When the Yankees signed CC Sabathia, most news outlets reported it as a seven-year, $161-million deal, but that’s not entirely true. As we know — and try to forget — the Sabathia deal is a three-year contract for $69 million with a player option for four years and $92 million. Sabathia’s opt-out looms nearly as large as the lefty himself, but speaking on the contract for the first time, CC said he’ll stay in New York.
According to The Post, CC said he “won’t even consider” exercising his opt-out clause after the 2011 season. “I’m here,” Sabathia said to Mark Hale. “Hundred percent. I think you know I’ve built a house here, right? My kids go to school here. We live here year round. So I’m not going anywhere.”
That’s music to my ears. As a Yankee, CC Sabathia is now 36-13 with a 3.21 ERA. He’s a horse, averaging just under 7 innings a start, and he’s pitched even better in the cozy confines of Yankee Stadium than we could have expected. At home, he is 17-2 with a 2.84 ERA. “You can give my wife credit for that, I guess,” Sabathia said. “Her cooking. And just being at home, being around my family and going out and being able to be relaxed. It’s just one of those things. I love being home. I love playing in The Bronx. I love being at Yankee Stadium. But just one of those things that worked out like that.”
When the Yankees signed CC, the opt-out was viewed as an incentive to come to New York. Most who covered baseball assumed that Sabathia wanted to pitch closer his home in California’s Bay Area, but the Yankees overwhelmed with him money. Unlike A-Rod’s opt-out or J.D. Drew’s opt-out, the one in CC’s contract wasn’t necessarily about getting more money if the market rebounded; it was about allowing CC to adjust to the pressures of New York and decided if he wanted to stay. For now, it seems, he’ll stay.
Of course, I can’t believe right away that CC won’t take advantage of the opt-out in some shape or form. It gives the left-hander some leverage if the market appears strong after the 2011 season. He could ask the Yanks for another year in exchange for waiving the opt-out or he could renegotiate the final four years of his deal entirely. After all, when other high-profile opt outs have come due, the players have used that leverage to get richer. Love of New York aside, would CC be the exception to that rule?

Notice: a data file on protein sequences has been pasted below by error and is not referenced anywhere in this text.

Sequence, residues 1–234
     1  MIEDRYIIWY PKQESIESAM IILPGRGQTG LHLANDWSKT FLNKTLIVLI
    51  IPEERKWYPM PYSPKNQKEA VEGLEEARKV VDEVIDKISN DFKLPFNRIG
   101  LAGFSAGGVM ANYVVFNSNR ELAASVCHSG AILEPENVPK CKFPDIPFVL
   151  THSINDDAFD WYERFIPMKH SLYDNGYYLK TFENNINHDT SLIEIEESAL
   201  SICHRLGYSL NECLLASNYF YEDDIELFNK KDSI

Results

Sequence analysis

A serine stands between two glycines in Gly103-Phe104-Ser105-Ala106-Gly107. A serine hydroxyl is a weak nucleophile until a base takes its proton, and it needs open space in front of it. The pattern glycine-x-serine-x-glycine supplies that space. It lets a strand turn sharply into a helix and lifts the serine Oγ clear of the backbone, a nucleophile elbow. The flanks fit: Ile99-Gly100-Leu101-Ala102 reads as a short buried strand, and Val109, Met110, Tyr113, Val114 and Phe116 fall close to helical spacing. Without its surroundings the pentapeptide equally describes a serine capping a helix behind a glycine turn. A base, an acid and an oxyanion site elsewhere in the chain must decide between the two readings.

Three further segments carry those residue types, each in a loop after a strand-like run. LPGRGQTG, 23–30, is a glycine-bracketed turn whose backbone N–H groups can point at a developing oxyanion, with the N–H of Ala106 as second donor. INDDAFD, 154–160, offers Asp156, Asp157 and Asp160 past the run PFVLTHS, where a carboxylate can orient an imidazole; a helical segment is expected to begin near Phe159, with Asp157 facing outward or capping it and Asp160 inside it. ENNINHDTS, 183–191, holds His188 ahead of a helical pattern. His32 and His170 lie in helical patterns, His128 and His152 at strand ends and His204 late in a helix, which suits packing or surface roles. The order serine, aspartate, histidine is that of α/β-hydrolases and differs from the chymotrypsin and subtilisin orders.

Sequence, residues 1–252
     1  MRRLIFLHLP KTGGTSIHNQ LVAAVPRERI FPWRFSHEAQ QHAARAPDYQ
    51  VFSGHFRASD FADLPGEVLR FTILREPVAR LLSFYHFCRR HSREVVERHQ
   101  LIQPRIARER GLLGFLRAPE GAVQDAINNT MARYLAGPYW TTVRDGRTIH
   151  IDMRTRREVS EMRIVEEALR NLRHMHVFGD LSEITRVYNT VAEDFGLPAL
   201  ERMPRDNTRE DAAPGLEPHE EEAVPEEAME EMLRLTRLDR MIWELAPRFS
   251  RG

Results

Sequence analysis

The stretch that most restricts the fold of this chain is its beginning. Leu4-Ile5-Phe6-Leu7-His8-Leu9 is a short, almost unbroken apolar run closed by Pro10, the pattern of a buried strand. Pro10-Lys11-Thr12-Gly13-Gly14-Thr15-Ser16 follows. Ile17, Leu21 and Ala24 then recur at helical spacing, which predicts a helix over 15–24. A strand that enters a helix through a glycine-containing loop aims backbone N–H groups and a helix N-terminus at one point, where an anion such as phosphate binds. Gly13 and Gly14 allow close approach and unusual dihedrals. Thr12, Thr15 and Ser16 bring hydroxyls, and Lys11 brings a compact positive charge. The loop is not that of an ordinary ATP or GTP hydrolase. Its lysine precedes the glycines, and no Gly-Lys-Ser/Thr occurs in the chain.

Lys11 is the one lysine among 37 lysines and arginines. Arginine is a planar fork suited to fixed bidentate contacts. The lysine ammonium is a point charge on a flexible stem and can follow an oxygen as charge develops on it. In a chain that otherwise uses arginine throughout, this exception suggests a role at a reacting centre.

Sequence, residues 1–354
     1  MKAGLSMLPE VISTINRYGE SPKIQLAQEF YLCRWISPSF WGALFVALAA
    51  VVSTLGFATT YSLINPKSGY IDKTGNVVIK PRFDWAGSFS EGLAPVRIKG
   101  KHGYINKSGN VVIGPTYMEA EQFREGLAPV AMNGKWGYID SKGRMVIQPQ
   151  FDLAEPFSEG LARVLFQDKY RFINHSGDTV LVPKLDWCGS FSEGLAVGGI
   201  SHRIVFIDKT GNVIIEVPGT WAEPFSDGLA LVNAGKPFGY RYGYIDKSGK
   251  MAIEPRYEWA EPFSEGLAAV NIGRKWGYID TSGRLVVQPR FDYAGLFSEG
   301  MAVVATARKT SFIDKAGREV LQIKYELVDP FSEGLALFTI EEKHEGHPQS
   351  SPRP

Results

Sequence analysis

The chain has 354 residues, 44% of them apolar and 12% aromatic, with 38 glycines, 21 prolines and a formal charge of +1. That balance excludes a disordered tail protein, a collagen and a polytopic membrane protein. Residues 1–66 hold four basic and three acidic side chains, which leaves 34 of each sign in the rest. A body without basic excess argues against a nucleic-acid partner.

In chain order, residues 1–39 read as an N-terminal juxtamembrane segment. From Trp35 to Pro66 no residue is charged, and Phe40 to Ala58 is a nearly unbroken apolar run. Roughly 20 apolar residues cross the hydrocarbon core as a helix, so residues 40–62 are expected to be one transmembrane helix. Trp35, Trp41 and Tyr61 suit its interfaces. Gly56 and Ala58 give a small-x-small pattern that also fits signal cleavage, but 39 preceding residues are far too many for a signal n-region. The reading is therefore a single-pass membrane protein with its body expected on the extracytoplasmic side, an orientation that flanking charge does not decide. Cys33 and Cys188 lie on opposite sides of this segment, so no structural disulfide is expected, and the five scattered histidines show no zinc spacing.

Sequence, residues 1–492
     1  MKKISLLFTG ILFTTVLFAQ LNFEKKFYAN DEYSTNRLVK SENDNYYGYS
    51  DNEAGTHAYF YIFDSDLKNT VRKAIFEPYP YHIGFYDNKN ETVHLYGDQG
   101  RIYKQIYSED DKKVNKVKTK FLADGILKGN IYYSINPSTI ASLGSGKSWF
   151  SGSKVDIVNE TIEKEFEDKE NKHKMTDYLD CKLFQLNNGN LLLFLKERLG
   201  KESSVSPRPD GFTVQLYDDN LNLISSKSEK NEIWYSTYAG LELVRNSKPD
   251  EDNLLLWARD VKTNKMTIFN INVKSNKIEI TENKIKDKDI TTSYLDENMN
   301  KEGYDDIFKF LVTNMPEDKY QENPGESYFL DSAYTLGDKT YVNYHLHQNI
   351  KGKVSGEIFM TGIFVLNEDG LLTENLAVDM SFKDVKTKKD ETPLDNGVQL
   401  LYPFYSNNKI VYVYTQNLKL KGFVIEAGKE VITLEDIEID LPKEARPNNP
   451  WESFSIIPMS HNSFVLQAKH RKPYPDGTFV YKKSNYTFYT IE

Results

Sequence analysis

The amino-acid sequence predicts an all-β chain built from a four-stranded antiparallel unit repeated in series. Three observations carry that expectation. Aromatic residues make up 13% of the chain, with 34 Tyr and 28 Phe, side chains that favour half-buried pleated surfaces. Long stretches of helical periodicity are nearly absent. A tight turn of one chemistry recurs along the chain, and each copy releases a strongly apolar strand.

But I’m certainly willing to take him at his word that he wants to stay in New York. He’s the king of the Yankees rotation and, after the World Series, the toast of the town (and it takes a while to tend to an organic garden in the bullpen). If he stays, the Yanks have at least one ace for the next few years, and their rotation is still that much stronger. They will still look to land Cliff Lee as a replacement for Andy Pettitte when he retires and have Phil Hughes, Joba Chamberlain and, for better or worse, A.J. Burnett under team control for the next three years. It could very well be a riches of pitches.
Before CC’s opt-out comes due, another Yankee free agent will have a decision to make. As the Bombers head to the Windy City this weekend and as the White Sox’s cross-town rivals see their managerial spot in flux, Joe Girardi’s contract situation will sneak to the forefront. Our own Mike Axisa tackled the Cubs question a few weeks ago, but with Lou Piniella’s resignation this past weekend, the Chicago media will pepper the Yanks’ skipper with questions about the Cubs’ vacancy. As he must and as he did to ESPN, Joe will say that he loves New York. “I’m sure I’m gonna be asked that a lot now that he’s stepped down,” Girardi said. “My focus is here. I have a responsibility to the organization and to the guys in that clubhouse and that’s where my focus is. I’m very happy here, you know what? Great working relationship here with everyone involved and I’m very happy here. This organization has been great to me.”
Girardi, though, recognizes his close ties to Chicago, and as a native son of Illinois, might he be tempted to try to manage the Cubs to an elusive World Series? “I know I have a background there and I’m not gonna skirt around my background there,” he said. “I grew up a Cubs fan, I played for the Cubs, but I’m not worried about that now. Im worried about what we’re doing now. We’re in a fight.”
I don’t always agree with Joe Girardi’s moves. I find his bullpen management a bit too by-the-books at times, but he’s enjoyed great success with the Yankees in his three seasons so far. Unless the Yanks somehow fail to make the playoffs, he’ll have an offer on the table from the Steinbrenners as the Cubs try to fill their own managerial role. As with CC, Girardi, though, should return to the Bronx. It’s just the Yankee way.